Monday, August 9, 2010

how it all started

     Over sixteen years ago, twelve women took a class I taught entitled Christian Feminist Theology. Toward the end of the class several women said, "We want to do church that looks like this."
     For me, it was the beginning of a vision of what spiritual community could look like.  Okay, then it was all women and mostly lesbians but it was s a good start.  Our intent was to build community way more expansive.  We didn't want to repeat what we saw/see to be the shortcomings of the traditional church.  Instead, we have found plenty of our own unique shortcomings.  But more on that at a later date.
     At our first retreat, working to form a covenant that expressed our vision, our big question was ' is there anyone who would not be welcome?'  followed by a lot of 'what if' questions:  what if a skinhead came? what if someone showed up naked?  or drunk? would  those folks be welcome?
     Our answer was: everyone is welcome, even those who we find distasteful. The only criteria is that  their intent not be to disrupt worship.  And by the way, for a long while, someone had a blanket in the trunk of the car, to cover the naked person so s/he didn't disrupt worship.
      The bigger vision we held, and still hold, is a community of women and men, children and elders, LGBTQI (lesbian, gay, bi-sexual, transgendered, queer-identified, and intrasexed), heterosexuals, people with physical and mental disabilities, people with mental health challenges, Asian, African-American,  and Latino folk- and anyone we hadn't thought of yet.  We wanted and want to create a community that is inclusive.  And not merely inclusive of the kind of people who show up, but inclusive in the building relationships, making space for one another and struggling with all the messiness of living in dynamic community.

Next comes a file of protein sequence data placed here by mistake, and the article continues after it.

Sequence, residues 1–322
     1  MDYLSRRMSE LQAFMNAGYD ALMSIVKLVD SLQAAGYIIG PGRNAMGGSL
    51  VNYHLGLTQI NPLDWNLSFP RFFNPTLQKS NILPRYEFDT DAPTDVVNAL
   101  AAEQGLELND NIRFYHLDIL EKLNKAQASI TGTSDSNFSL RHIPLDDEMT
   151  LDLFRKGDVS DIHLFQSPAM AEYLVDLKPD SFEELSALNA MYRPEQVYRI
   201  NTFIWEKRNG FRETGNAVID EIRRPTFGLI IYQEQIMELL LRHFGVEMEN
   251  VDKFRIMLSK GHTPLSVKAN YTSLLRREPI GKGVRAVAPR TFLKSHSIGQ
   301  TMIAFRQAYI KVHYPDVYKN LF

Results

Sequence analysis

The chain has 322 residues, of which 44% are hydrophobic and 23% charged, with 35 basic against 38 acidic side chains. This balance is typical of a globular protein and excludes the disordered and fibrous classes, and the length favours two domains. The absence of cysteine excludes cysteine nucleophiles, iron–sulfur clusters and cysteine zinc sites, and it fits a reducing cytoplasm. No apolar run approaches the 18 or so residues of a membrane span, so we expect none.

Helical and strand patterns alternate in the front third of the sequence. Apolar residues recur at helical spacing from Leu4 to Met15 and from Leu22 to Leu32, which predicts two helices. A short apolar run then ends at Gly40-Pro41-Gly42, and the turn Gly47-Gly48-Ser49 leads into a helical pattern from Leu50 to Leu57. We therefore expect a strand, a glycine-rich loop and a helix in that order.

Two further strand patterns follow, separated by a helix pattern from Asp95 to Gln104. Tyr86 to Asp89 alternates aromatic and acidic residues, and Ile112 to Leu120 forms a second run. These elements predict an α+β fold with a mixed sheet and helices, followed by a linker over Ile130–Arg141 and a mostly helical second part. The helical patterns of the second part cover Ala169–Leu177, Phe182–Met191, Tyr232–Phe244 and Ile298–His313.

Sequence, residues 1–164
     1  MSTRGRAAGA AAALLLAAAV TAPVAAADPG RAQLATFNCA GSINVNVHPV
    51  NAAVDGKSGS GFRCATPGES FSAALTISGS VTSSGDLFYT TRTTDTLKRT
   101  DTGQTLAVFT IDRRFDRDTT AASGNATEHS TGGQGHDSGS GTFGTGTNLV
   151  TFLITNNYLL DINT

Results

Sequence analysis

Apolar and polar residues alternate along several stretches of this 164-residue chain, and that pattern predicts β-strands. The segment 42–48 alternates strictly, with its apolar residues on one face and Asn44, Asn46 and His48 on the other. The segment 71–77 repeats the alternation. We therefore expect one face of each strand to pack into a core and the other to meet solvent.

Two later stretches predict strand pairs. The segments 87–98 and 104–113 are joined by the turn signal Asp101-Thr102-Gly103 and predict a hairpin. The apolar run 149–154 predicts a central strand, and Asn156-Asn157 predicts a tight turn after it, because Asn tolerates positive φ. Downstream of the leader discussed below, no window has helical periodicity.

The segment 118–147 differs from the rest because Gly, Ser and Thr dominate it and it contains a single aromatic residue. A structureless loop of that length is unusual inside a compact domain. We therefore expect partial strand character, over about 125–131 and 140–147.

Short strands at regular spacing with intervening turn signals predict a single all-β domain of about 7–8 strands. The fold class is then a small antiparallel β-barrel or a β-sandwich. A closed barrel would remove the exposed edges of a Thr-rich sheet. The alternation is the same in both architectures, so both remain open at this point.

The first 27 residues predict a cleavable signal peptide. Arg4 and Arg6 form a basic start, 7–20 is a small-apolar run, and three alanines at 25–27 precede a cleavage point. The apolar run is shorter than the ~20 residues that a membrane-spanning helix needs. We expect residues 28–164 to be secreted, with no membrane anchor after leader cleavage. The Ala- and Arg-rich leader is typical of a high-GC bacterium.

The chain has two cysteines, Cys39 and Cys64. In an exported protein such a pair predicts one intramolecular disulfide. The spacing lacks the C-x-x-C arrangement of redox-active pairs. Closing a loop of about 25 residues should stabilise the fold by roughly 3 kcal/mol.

That kind of community can be built in many contexts but, to me is the imperative of christian life.  The vision of all-inclusive community is a vision of the kin-dom.  It is how we live Godde's future in the now.  Or as theologians would say: it is living eschatologically. 
       To that end this is the covenant we hammered out early on:
            We, the Circle of Grace Community Church, as christians, covenant with God and one another to intentionally and self-reflectively:
               *  live with compassion and seek justice
               *  continually discern that to which God calls us
               *  build spiritual community that is inclusive of race, gender, sexuality, abilities, class, 
                  culture, age and religious backgrounds.
               *  provide safe haven
               *  worship and pray together and our worship and prayer and that in our worship and   
                   prayer our language about God and humanity will be inclusive.
               *  live in right relationship with God and each other
               *  speak truth to power.

     Clearly this is ambitious and not particularly comfortable.  Building expansive spiritual community is like building a path in the wilderness: many people have to walk the way before the path becomes either clear or firm.  We're walking.  We're sometimes screwing it up.  We're sometimes the glory of what human beings can be.  Mostly, we're walking. We're rolling. We're limping or crawling.  We are making a way together through the wilderness.
     Stay tuned for more about the good, the bad, the ugly, the profane and the sacredness of our journey together.